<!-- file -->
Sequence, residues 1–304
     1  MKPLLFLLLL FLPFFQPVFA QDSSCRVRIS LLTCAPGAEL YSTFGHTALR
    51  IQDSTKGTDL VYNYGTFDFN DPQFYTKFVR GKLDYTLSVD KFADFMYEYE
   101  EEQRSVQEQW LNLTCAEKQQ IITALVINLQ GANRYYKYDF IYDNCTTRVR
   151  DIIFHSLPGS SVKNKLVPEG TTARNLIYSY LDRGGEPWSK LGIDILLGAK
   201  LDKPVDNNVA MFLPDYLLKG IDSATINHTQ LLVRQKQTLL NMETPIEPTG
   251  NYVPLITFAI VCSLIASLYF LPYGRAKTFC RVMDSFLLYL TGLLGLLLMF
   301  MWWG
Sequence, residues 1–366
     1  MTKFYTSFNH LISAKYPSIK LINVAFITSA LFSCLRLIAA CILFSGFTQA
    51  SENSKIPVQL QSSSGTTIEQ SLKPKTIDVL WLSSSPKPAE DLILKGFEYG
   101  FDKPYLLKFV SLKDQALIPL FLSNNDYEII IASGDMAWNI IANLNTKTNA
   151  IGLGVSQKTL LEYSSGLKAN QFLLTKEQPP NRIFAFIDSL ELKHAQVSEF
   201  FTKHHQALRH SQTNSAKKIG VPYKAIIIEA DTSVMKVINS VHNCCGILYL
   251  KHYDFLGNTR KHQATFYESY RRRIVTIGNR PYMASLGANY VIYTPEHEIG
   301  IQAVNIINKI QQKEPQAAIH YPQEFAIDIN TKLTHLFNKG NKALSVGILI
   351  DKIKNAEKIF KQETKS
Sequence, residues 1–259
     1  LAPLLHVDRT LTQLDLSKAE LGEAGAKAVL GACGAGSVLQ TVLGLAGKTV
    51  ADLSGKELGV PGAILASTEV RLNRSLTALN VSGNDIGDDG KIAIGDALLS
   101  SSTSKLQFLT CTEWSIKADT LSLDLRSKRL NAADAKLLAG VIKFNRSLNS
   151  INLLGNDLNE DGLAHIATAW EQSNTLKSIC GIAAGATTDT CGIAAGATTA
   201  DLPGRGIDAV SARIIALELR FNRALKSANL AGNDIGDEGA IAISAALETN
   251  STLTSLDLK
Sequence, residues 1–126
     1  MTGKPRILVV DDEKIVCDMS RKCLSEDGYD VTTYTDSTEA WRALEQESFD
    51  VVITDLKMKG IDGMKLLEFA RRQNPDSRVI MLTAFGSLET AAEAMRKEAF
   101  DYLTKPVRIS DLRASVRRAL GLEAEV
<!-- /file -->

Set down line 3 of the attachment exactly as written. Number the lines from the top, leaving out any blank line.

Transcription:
    51  IQDSTKGTDL VYNYGTFDFN DPQFYTKFVR GKLDYTLSVD KFADFMYEYE